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Mar 27, 2009

Turn off your light for earth hour this Saturday

Story PictureBut before the Central Americans huddle with the U.S., the world is being asked to turn off the lights this Saturday for one hour as a part of the annual Earth Hour Initiative. With climate change becoming a growing concern, Earth Hour is aimed at reaching out to communities to take small steps to mitigate the effects of the global phenomenon. The project started in 2007 as an agreement between World Wildlife Fund and Sidney Australia; two million persons participated in its first year. In 2008, the effort spread and people from thirty-five countries and three hundred and seventy cities turned off their lights. Climate Change Officer at the W.W.F., Nadia Bood, appeared on Open Your Eyes this morning along with U.B. Lecturer Doctor Elma Kay to talk about the initiative and she told us that this year the number of participants is even higher.

Nadia Bood, Climate Change Officer, W.W.F.
“For this year we have set a benchmark of one thousand cities and we’re reaching out to at least a billion people and we’re asking them to vote and the way we hope to count the amount of people that commit to the cause would be if they sign up on to the Earth Hour webpage and vote and put your name and put the country you’re from. Up until yesterday, we had commitment from two thousand, eight hundred and forty-eight cities ad eighty-two countries, which is really good. We already surpassed the bench line for the amount of cities that we wanted—the number of cities that we had hoped would participate. But essentially what we hope to achieve by Earth Hour is the response and the voting when tallied, will be presented to world leaders at the global Climate Change Conference scheduled for December in Copenhagen, Denmark. We’re trying to appeal to these policy makers for them to put this act in place to try and combat climate change, whether it be through mitigation or adaptation.”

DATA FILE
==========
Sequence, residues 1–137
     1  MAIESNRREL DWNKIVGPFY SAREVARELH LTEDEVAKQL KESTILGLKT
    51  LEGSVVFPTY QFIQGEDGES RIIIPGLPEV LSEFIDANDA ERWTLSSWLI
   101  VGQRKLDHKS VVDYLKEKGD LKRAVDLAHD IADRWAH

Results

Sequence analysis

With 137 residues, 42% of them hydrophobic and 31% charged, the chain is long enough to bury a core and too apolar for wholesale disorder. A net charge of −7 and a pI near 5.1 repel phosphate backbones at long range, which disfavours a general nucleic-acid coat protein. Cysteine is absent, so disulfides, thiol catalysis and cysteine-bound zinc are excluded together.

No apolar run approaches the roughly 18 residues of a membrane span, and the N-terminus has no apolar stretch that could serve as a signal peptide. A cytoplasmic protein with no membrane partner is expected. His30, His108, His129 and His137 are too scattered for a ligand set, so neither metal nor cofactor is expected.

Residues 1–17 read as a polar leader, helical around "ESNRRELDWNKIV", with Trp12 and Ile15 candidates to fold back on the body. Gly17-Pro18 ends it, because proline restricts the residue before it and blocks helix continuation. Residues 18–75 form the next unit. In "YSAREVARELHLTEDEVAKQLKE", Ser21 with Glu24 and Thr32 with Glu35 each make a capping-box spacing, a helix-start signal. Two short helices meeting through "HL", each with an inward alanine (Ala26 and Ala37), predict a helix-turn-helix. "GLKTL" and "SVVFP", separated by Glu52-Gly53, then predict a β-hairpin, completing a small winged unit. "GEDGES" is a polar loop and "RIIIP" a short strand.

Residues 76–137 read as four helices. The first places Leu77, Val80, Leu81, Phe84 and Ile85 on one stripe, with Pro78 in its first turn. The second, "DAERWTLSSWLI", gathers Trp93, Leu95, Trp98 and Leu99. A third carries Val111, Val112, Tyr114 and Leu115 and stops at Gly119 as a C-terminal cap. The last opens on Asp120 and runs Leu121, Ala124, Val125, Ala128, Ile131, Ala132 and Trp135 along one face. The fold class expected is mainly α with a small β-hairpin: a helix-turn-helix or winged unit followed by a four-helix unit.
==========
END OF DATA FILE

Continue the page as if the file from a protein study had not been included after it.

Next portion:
Dr. Elma Kay, Lecturer, University of Belize
“The idea is to turn off your electric lights but I think the whole idea is to show solidarity and that you care by not using electricity. You can go above and beyond just turning off your lights, but taking out your switches.”

“The U.B. Environmental Club is spearheading the effort in Belmopan, then they will be having a torch run, they are also telling everybody on campus, they have been posting flyers, talking to people, they put up a banner at the entrance of Guanacaste. So you’ll see it; it says “Turn Off Your Electric Lights on March twenty-eighth”. Actually, in all the towns you should see these banners. Galen University is taking up the effort in San Ignacio and Benque and they’re going door-to-door getting people to sign up and in Corozal we’re having a candle light walk during the Earth Hour. In Dangriga, they are also doing efforts.”

Earth Hour is from eight-thirty to nine-thirty this Saturday night.

Viewers please note: This Internet newscast is a verbatim transcript of our evening television newscast. Where speakers use Kriol, we attempt to faithfully reproduce the quotes using a standard spelling system.

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